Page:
This will require a lot of time, coordination, and diligence, especially when dealing with more than one firm.   


View new form at Patently-O...

Thursday, September 27, 2007

Design Patents and Patent Reform

My sister was a design examiner at the USPTO for a year, before leaving to become a vegan cooking author and chef. The design group at the PTO has always been different to the utility examiners. When I was a PTO utility examiner, the design examiners I knew were usually architects and other visual design experts. Supposedly on the whole they are "more normal" have "interpersonal skills" and "dress well" - whatever that means.


Anyway, enforcement is a very real challenge for design patents. Today Patently-O had a good summary of design patents recently protecting a US automobile manufacturer.


The interesting thing here is apparently after the ITC ruling, the losing party immediately joined the patent reform movement.

View article at Patently-O

Wednesday, September 26, 2007

IP and Private Equity

Diving deep into a companies IP is a great way to contextualize possible strategic acquisitions. Private equity firms shopping a portfolio company can use patent data to show how one company may technologically compliment another.


From the New York Times - it's good to see PE investment is still looking strong:


"The buyout business may be in a holding pattern these days, but that apparently isn't worrying pension fund managers too much. According to a survey by Citigroup, nearly three-fourths of pension managers plan to increase the funds they earmark for private equity investments in the next three years."

View article...

Tuesday, September 25, 2007

Business Strategy IS Intellectual Property Strategy

Great post on holistically managing IP: view article...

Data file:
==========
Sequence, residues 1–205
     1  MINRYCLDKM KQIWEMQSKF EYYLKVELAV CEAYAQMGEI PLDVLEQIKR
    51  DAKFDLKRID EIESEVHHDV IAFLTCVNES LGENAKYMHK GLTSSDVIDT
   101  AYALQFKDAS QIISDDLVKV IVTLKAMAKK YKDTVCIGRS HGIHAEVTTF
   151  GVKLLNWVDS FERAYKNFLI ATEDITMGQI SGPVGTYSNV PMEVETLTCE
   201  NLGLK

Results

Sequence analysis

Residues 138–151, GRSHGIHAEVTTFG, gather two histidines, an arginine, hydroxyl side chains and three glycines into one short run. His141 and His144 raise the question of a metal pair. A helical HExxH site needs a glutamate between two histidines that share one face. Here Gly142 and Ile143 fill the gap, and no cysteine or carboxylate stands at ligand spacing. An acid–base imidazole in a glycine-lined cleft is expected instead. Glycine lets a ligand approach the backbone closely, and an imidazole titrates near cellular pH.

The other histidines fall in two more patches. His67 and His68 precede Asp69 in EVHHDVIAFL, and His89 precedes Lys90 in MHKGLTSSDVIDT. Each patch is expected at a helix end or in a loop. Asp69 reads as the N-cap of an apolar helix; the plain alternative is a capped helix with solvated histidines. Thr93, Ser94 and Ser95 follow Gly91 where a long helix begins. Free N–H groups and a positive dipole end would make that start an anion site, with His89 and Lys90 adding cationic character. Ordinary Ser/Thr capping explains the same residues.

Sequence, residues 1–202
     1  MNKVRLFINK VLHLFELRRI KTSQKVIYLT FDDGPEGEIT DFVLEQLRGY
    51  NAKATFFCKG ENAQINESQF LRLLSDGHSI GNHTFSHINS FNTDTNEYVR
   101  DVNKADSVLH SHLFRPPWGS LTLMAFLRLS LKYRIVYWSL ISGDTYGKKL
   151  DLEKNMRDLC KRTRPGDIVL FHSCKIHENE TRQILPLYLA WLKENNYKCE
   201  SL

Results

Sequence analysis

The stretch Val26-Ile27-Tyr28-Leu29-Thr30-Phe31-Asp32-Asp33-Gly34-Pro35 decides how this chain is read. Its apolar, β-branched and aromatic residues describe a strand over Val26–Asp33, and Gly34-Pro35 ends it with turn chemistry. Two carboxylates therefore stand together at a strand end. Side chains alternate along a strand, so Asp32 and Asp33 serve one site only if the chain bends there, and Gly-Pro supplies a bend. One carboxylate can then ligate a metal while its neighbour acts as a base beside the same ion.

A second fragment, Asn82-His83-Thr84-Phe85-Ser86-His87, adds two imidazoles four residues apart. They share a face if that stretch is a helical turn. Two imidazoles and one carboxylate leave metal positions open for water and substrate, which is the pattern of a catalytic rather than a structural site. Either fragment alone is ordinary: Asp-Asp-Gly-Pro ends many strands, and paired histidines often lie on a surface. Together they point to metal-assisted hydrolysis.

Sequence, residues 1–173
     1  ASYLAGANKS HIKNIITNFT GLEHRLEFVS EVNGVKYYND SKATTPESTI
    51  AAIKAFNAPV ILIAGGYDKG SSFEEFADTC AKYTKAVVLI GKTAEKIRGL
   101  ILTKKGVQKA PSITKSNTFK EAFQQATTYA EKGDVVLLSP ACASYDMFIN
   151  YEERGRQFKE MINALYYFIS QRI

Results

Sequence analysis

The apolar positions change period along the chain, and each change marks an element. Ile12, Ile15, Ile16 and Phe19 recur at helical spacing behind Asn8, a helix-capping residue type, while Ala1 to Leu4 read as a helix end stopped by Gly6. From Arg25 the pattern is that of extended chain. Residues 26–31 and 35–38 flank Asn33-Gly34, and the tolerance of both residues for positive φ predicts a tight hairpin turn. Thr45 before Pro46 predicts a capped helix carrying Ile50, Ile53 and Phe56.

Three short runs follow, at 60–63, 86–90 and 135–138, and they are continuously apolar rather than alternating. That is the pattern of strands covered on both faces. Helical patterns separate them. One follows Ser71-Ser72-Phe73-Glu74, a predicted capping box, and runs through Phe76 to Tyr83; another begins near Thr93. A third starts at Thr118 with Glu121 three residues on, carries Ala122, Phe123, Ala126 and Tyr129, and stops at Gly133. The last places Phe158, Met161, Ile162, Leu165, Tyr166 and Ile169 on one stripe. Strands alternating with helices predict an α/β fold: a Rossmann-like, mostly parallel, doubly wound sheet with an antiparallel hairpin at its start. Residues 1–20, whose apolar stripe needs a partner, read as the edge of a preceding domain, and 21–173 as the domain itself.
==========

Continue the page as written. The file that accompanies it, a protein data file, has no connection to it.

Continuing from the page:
Vonage loses patent infringement suit

Operating company protects core business with patents, no negative KSR effects in sight:

[A] jury in Kansas City, Kan. decided that Vonage is guilty of infringing on VoIP-related patents held by SprintNextel. The jury held that Vonage should pay SprintNextel $69.5 million in damages, as well as a 5 percent royalty on future revenue. Vonage had claimed it didn't violate these patents, and these patents are invalid. This can't be good news for Vonage, or its investors. At 2 p.m. EDT, Vonage's per-share price was a lowest-ever $1.81.

View article...

Innovation incentives: Win Your Own Startup

Love this idea:

Some entrepreneurs say the toughest part of building their startup is finding capital. Bang Ventures, a New York-based investment firm, wants to alleviate that problem for three lucky entrepreneurs. You Be the VC is an open call to entrepreneurs with brilliant tech ideas. Applicants must create a profile and fill out an application to be considered. Then, judges will narrow the entries down to the top 20 finalists, who will create a video pitch to be voted on by the public, American Idol style. The winners will spend next summer in Cambridge, Massachusetts, working with a team of expert consultants, advisors and programmers to build their dream startup company.